06/18/2013 06:34 pm ET Updated Aug 18, 2013

Everybody Dies, But Some Live on Forever: Here's to Nora Ephron

If you had told me when I was 25 that at 50 I would be divorced and raising a daughter on my own I would have looked at you like you were nuts. Yet, here I stand at 50, divorced, single and raising my shining star. Although my marriage remained intact for a mere seven years (or was it six? I can't truly remember) my divorce continues on after 12 years, and counting. Nora Ephron coined the phrase: "Marriages come and go, but Divorce is forever..." Which in essence means, happily ever after should include a clause outlining the high probability that your imminent divorce (statistically speaking of course) will last longer than your marriage. Sadly, Nora was all too accurate. The good news is; yes, there really is good news after divorce; you can and should find humor even when all seems bleak; life does get better, and falling in love and perhaps even dipping your toe back into the newly unchartered waters of marriage may grace you again.

Nora's movies were filled with romantic love stories and endings that made all of us yearn to be living in New York only to climb the Empire State building daily in hopes of meeting our very own Tom Hanks. Her books on the other hand gave us a glimpse into her own painful struggle of divorce and the bitter tangled web it can weave. Even with her romantic story lines she always found a way to pepper them with a dose of humor filled reality. Remember the repartee between Meg Ryan and Rosie O'Donnell in Sleepless In Seattle :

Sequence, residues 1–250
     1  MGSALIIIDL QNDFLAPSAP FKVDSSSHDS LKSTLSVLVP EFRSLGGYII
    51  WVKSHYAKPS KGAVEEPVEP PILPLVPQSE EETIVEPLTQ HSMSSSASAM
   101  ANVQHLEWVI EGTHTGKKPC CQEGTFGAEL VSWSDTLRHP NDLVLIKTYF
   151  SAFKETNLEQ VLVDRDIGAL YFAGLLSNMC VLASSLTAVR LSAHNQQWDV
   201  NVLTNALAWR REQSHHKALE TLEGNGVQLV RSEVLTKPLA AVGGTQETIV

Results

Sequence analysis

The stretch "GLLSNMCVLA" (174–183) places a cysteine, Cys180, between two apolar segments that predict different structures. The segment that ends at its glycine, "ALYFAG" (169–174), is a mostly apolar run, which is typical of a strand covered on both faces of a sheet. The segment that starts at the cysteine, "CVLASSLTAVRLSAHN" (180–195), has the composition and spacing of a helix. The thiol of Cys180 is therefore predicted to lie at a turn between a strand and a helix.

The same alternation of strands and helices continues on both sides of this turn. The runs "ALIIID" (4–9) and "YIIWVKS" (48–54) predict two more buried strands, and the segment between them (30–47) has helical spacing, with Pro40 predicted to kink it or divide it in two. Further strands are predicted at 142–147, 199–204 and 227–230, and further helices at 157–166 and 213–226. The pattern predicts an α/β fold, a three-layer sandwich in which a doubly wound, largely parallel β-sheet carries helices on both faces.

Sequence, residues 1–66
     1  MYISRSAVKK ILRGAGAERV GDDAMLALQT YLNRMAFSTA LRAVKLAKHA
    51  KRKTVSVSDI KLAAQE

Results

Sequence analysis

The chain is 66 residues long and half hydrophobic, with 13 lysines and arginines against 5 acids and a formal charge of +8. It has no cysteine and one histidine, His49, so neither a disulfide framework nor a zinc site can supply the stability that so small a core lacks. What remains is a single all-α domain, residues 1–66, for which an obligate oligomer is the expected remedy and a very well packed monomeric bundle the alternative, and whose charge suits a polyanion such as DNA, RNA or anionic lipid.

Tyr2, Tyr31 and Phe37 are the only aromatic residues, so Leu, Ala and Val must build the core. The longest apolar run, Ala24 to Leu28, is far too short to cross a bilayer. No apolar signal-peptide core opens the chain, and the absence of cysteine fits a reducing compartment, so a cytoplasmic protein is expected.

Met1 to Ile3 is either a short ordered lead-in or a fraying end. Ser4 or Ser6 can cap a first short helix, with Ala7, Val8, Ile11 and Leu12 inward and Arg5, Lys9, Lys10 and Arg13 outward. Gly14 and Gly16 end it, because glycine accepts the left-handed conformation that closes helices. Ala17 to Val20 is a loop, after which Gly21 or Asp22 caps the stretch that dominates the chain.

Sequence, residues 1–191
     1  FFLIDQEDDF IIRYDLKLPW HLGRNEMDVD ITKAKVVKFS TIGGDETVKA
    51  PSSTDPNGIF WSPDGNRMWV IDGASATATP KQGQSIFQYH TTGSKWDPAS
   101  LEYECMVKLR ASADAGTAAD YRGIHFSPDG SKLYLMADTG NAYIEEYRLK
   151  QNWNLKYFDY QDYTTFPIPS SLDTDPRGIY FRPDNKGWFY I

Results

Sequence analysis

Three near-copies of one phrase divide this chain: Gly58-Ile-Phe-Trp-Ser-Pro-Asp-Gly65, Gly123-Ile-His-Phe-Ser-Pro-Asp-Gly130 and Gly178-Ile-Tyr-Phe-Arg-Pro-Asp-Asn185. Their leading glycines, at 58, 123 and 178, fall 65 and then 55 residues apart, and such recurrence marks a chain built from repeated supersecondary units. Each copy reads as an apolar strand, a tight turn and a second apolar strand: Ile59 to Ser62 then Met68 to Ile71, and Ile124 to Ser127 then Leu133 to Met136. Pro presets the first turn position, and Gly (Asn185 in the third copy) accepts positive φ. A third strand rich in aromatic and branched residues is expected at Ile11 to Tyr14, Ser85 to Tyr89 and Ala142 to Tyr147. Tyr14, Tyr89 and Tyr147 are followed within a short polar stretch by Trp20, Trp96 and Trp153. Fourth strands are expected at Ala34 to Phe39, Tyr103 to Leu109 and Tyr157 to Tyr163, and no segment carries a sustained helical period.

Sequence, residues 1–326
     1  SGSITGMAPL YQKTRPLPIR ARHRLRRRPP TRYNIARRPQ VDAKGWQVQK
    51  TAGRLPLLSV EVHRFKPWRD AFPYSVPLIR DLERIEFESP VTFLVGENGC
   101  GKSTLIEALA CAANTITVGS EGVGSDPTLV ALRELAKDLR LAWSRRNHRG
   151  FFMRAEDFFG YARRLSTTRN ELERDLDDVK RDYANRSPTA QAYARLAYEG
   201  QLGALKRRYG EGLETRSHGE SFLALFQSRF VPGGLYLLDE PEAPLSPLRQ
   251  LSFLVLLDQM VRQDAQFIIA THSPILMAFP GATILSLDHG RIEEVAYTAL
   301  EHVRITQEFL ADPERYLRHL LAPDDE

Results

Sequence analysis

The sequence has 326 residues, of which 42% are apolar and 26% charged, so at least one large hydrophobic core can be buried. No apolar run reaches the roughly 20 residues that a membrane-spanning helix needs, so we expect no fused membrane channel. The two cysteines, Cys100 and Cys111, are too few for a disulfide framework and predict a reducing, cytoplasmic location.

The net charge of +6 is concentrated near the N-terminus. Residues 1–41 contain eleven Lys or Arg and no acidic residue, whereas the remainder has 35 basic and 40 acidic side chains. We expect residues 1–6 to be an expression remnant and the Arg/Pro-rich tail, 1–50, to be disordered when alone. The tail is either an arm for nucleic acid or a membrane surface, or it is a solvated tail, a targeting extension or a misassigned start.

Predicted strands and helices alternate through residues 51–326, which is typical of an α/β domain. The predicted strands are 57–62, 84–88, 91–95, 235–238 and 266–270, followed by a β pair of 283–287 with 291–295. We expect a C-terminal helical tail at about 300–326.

"Now that was when people KNEW how to be in love. They knew it! Time, distance... nothing could separate them because they knew. It was right. It was real. It was..."

"A movie! That's your problem! You don't want to be in love. You want to be in love in a movie."

Indeed, I have come to realize that most of my life I wanted to be in love in a movie. Now I realize, I just want to be in love with life and if someone saunters into my production as a leading man, then I will simply welcome him into my repertoire. I miss Nora's practical sensibility, her coy approach to life's relationship challenges and her never ending optimism that life always finds a way of working out. She has left an indelible mark on my life and the way I view my broken marriage, my meaningless divorce and the future of my love life. Somehow, the combination of all her work continues to make my heart do a little dance in hopes that someday someone will be the butter to my bread and the breath to my life...

I miss you bunches Nora Ephron.

Agi Smith -

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